We all know religion is changing, now we have the pictures to prove it.
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An article in USA Today features key findings from the new American Religious Identification Survey (ARIS) released today. It is based on 113,000 interviews, updated with 50,000 more in 2001 and now 54,000 in 2008. Because the U.S. Census does not ask about religion, the ARIS survey was the first comprehensive study of how people identify their spiritual expression.
Major takeaway? Nearly all religious denominations have lost ground - often dramatic percentages - since 1990. The religious "Nones" (those indicating no particular religious affiliation) has grown.
From the article:
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• So many Americans claim no religion at all (15%, up from 8% in 1990), that this category now outranks every other major U.S. religious group except Catholics and Baptists. In a nation that has long been mostly Christian, "the challenge to Christianity … does not come from other religions but from a rejection of all forms of organized religion," the report concludes.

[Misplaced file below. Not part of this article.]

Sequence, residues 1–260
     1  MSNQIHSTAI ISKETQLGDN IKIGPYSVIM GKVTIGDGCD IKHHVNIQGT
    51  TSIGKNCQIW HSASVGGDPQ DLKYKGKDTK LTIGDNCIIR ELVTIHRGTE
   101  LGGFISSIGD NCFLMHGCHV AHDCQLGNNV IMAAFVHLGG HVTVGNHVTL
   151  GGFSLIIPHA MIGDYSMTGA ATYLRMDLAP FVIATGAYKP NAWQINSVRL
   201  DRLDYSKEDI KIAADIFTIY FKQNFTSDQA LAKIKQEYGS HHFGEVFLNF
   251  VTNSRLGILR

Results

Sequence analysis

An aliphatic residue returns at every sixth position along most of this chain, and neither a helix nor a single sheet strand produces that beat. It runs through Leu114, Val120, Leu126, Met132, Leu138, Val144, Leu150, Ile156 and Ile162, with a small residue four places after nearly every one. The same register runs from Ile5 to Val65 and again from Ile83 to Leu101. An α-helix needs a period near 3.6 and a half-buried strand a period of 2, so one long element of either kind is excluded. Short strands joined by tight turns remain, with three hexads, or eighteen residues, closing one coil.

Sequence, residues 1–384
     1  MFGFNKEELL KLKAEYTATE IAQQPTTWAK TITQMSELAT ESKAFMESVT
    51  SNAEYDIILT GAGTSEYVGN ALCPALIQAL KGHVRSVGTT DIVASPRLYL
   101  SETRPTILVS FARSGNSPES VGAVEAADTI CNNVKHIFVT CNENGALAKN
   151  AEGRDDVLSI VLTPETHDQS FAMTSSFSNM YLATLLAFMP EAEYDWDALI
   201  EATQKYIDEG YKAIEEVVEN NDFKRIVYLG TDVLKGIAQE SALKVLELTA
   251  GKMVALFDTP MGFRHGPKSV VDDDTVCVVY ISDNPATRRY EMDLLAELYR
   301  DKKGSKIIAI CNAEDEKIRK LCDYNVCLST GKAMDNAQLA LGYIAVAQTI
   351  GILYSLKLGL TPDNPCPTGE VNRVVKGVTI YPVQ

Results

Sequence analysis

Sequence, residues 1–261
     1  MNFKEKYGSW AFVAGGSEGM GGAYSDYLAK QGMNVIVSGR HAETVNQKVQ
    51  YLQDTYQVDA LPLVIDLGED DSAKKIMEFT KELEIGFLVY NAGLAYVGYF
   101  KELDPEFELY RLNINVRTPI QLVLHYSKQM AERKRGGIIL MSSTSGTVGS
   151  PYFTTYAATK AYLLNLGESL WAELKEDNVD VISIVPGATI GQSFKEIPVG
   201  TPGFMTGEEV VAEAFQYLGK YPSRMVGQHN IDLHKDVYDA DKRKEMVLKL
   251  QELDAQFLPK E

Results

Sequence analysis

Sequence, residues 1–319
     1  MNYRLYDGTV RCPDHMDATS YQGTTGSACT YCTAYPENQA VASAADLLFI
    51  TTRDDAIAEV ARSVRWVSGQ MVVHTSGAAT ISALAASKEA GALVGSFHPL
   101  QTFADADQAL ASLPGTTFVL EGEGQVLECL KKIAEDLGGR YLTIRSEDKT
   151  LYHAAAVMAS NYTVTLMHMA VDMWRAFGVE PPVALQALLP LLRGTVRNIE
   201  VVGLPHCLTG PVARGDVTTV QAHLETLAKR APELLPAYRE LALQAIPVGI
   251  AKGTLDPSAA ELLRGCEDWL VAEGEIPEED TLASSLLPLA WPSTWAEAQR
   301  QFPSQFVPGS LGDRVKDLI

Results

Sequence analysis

• Catholic strongholds in New England and the Midwest have faded as immigrants, retirees and young job-seekers have moved to the Sun Belt. While bishops from the Midwest to Massachusetts close down or consolidate historic parishes, those in the South are scrambling to serve increasing numbers of worshipers.
• Baptists, 15.8% of those surveyed, are down from 19.3% in 1990. Mainline Protestant denominations, once socially dominant, have seen sharp declines: The percentage of Methodists, for example, dropped from 8% to 5%.
• The percentage of those who choose a generic label, calling themselves simply Christian, Protestant, non-denominational, evangelical or "born again," was 14.2%, about the same as in 1990.
• Jewish numbers showed a steady decline, from 1.8% in 1990 to 1.2% today. The percentage of Muslims, while still slim, has doubled, from 0.3% to 0.6%. Analysts within both groups suggest those numbers understate the groups' populations.
The USA Today article includes some nice charts and graphs. Also, the full report is online.